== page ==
Friday, March 27th, 2009 | Author:  | 4,990 views - starting Aug 9/09

Earth Hour— what an exciting event to partake in! … think of it — 1 billion people worldwide are expected to participate in this event this year … 1 billion! … will you be one of them? … 1 hour of darkness … that’s a small favour to ask in light of the abundant supply of electricity most of us enjoy every minute of every day …

“8:30PM local time, wherever you live on planet earth. Saturday 28 March 2009”

a powerful slogan … an even more powerful message … YOU can join the rest of the environmentally-conscious world population in demonstrating your concern and your willingness to action …

what do you need to do? … it’s simple — flick off your lights and other non-essential electrical devices for 1 hour … it’s virtually effortless … plus it’s fun, easy, and free!

we are all of us but 1 person living amongst an astoundingly increasing world population … it can be easy to slip into the mentality that any 1 of our simple acts of kindness toward the planet, wildlife, or fellow humans will go unnoticed, will be too trite to effect any observable change, will wane with insufficient impact … but such thoughts are self-defeating and wholly inaccurate …

Earth Hour is a chance to seamlessly connect with environmentalists across the world … to silently shout to political leaders that climate change is real, that you’re concerned about it, and that you’re making an effort to help the cause …

this year is particularly timely, as Earth Hour takes place just days prior to the G20 summit in London, England … as the primary sponsor of Earth Hour, the World Wildlife Fund (WWF) anticipates that a proudly cogent stance by the world community will help remind world leaders that environmental issues are of paramount importance …

it appears that political leaders and industry executives are sometimes shrouded in mental darkness because the policies they implement are often grossly detrimental to the environment … hopefully the act of turning off the lights on city streets and inside buildings will serve to enlighten the world …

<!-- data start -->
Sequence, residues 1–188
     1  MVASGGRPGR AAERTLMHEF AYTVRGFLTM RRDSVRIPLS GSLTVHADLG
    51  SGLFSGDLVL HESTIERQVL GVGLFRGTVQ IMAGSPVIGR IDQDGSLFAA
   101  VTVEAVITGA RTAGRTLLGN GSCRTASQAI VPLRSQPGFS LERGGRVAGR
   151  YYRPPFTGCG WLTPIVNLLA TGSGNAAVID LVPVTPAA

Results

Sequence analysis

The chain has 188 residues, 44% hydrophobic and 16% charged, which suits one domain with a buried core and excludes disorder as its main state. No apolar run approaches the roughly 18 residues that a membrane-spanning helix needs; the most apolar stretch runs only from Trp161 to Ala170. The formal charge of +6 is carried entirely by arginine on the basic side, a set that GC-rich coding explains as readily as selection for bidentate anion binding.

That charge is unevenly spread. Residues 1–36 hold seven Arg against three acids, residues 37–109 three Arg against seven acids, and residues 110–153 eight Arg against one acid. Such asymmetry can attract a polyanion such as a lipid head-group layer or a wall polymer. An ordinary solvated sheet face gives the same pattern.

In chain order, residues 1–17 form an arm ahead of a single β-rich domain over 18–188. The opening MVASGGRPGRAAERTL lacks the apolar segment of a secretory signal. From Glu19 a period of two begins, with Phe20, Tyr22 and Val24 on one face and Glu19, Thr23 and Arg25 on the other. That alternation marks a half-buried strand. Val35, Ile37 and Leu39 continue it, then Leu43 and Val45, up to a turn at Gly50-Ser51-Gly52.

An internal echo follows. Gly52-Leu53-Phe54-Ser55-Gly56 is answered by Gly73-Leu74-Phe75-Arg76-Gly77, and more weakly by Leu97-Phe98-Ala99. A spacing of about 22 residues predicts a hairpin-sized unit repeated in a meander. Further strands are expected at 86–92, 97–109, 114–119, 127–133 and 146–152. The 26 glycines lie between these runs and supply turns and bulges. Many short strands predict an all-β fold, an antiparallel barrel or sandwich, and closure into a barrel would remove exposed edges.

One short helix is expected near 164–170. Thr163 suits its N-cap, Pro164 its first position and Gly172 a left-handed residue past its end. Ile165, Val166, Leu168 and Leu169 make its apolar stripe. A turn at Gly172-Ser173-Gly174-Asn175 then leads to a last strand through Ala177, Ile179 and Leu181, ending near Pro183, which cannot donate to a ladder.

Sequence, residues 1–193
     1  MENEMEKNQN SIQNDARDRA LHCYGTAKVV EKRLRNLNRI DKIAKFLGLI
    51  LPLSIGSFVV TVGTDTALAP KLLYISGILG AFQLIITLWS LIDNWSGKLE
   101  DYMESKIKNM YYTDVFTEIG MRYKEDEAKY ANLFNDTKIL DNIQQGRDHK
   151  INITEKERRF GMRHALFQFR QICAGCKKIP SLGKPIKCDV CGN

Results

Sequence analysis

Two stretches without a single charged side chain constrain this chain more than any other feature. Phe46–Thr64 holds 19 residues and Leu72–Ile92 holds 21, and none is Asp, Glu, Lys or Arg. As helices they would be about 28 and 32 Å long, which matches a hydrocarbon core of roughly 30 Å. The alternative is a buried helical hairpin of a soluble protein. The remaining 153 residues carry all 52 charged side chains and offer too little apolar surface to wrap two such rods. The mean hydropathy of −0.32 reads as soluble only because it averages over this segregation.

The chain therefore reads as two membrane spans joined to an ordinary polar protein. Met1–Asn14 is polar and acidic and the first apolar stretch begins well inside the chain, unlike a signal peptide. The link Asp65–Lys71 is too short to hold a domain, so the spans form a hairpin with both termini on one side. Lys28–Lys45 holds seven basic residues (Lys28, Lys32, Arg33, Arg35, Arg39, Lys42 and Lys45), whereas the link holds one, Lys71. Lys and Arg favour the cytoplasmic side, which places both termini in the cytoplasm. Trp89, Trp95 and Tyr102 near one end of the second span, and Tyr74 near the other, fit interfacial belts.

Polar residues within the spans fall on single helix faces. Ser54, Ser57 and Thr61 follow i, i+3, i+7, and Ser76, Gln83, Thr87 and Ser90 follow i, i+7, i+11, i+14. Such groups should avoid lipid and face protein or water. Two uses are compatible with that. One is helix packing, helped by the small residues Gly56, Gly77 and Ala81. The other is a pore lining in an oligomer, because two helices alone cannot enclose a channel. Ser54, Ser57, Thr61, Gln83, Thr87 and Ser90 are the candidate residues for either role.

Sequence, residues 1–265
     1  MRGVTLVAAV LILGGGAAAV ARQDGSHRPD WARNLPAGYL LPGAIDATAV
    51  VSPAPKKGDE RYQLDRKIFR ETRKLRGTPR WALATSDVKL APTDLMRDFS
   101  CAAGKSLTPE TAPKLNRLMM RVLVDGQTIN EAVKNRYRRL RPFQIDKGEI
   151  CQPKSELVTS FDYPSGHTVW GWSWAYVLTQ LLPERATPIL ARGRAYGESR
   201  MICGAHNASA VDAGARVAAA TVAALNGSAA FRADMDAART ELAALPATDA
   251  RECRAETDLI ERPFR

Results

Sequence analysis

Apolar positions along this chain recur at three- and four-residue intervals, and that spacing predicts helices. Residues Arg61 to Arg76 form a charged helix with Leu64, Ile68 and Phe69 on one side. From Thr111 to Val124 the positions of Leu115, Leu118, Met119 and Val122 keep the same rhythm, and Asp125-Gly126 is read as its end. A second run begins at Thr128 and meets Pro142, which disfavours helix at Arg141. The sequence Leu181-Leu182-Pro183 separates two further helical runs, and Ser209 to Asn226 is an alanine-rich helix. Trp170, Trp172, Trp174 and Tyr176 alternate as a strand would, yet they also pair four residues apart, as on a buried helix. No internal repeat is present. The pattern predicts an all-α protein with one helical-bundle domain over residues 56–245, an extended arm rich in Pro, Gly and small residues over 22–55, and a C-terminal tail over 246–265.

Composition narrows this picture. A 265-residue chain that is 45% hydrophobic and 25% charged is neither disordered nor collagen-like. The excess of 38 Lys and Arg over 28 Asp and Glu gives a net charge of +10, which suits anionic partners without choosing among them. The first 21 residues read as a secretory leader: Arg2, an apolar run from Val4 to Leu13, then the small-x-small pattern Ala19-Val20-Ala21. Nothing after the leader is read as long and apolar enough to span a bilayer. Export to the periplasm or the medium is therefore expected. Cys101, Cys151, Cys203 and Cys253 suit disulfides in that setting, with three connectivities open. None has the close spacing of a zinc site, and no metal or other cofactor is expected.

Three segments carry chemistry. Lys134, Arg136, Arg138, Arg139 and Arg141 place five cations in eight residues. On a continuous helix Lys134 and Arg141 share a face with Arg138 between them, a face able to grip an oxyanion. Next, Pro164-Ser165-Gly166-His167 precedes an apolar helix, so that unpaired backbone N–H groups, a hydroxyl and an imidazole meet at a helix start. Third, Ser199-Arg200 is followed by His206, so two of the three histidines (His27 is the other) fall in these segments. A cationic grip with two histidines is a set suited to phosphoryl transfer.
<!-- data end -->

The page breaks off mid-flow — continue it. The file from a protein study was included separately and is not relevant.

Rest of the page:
this is what Earth looks like on a typical night … that’s a pretty (artificially) bright planet! …. the idea behind Earth Hour is to mute the electrically produced brilliance on land and instead enjoy the scintillating stars overhead … it’s a romantic notion, but an experience that will hopefully revive a humble and respectful connection between the essences of Human, Earth and Sky …

Earth Hour started officially in 2007 when the WWF office in Sydney, Australia organized a city-wide event that involved 2.2 million individuals and businesses and decreased energy use by 10.2% … the concept was actually inspired by the exemplary 14 million households and businesses in Bangkok, Thailand who, in the midst of the deep fuel crisis of 2005, simultaneously turned off 1 light for 5 minutes … incredibly, the amount of electricity saved was sufficient to shut down 1 of the country’s 14 power stations … in a similar vein, the city of San Francisco, California planned an annual Lights Out San Francisco event in October 2007 …

march 29, 2008 marked the first coordinated world wide Earth Hour event, and it was an inspiring success … an estimated 53 million people participated! … you may think this pales in comparison to the more than 6.7 billion resident humans on Earth, but consider that 2 billion+ people (about 30% of the world population) completely lack access to any electricity (a mild reminder of how fortunate the rest of us are) … that means more than 11% of the world population who have access to electricity participated in Earth Hour 2008 … that’s pretty impressive, as this was the first global Earth Hour and word-of-mouth was the primary means of spreading news about it …